Thanks to a flock of small donations, and a few large ones (thank you, Michael Douglas, and Richard and Tekla Sanford, for your $1,000 checks!) plus two generous grants of $2,500 from the IV Community Relations Council of the UCSB Associated Students, we had by June of 2001 - two years ago! - raised some $13,000.

They say that everything changed after September 11, 2001. That was indeed the case with our project. Suddenly, with the war in Afghanistan, a Peace Monument began to seem like a timely idea, rather than an exercise in nostalgia. People who had written us off as a bunch of aging hippies began to understand what we were up to, and pay attention. In January Congresswoman Lois Capps lent her name and support to our effort, speaking at a campus gathering where ColinÕs model was displayed, with television coverage from KEYT. In May 2002 -just a year ago! - filmmaker and film critic Peter Biskind came to town to show his infamous documentary Don't Bank on Amerika and help us raise over $2,000, and someone found a stash of old Burning Bank Check Posters and donated them to the cause.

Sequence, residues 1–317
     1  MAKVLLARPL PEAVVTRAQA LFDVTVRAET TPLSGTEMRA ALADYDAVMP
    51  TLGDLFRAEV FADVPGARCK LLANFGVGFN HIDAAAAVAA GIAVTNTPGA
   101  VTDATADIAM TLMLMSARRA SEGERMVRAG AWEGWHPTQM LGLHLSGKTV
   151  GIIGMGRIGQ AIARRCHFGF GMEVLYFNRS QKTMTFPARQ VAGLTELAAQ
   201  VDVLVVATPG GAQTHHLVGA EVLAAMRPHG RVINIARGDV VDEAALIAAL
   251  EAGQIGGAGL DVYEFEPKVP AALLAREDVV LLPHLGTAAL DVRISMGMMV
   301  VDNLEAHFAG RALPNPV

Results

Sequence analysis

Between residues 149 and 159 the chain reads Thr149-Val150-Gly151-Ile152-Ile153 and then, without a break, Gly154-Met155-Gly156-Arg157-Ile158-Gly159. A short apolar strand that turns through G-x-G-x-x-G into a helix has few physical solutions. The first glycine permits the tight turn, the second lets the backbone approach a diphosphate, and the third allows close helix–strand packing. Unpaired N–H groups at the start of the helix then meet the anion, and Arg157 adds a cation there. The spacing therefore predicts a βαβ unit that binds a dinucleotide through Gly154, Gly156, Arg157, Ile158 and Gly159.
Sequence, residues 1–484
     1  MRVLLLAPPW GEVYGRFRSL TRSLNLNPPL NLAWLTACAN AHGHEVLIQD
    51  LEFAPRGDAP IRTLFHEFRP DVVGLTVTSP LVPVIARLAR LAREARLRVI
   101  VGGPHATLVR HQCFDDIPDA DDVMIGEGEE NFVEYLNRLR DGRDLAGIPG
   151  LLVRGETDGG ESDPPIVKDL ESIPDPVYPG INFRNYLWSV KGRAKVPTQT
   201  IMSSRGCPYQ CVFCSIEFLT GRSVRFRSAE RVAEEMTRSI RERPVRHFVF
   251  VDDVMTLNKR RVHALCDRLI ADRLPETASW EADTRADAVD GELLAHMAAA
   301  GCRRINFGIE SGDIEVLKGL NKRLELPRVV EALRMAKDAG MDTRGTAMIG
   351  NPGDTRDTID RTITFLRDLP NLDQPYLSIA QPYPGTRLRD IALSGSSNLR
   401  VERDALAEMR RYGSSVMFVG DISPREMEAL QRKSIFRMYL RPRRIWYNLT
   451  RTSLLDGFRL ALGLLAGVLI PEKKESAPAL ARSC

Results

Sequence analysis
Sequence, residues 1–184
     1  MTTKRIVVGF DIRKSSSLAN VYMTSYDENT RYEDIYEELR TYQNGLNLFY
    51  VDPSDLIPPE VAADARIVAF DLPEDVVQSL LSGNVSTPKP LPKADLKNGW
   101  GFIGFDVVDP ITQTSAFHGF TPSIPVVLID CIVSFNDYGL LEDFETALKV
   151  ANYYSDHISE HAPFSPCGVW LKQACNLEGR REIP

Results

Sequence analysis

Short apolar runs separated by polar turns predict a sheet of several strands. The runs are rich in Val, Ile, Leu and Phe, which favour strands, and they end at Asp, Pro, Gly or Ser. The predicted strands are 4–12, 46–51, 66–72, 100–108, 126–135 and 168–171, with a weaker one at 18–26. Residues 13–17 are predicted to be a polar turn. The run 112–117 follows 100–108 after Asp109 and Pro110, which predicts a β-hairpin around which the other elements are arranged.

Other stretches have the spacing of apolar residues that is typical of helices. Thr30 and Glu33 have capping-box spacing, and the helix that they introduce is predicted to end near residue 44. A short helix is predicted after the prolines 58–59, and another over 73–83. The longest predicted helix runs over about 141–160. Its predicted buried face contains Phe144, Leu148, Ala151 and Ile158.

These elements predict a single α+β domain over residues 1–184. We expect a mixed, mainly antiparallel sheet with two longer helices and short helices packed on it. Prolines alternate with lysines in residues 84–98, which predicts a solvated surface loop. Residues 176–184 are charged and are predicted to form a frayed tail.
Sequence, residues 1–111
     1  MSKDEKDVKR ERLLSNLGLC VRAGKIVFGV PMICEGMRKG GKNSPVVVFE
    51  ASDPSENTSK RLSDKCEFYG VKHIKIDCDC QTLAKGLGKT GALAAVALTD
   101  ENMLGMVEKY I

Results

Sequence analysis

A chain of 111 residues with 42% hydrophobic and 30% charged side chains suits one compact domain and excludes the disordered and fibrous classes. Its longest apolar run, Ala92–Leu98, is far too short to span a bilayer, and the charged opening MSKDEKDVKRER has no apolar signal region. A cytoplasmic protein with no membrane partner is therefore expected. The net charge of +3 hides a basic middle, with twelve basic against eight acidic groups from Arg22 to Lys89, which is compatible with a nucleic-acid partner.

As the Bush administration began its push toward war with Iraq, our small Peace project rode the wave of public outrage and protest as the Peace movement came alive all across the globe. Daniel Ellsberg came to town and joined our honorary board of advisors, which by then included Dick Flacks, David Krieger, Tom Hayden, Marc McGinnis, David Smith and Terence Hallinan In February of this year, as the war clouds gathered, the L.A. Times ran a prominent feature story on our project.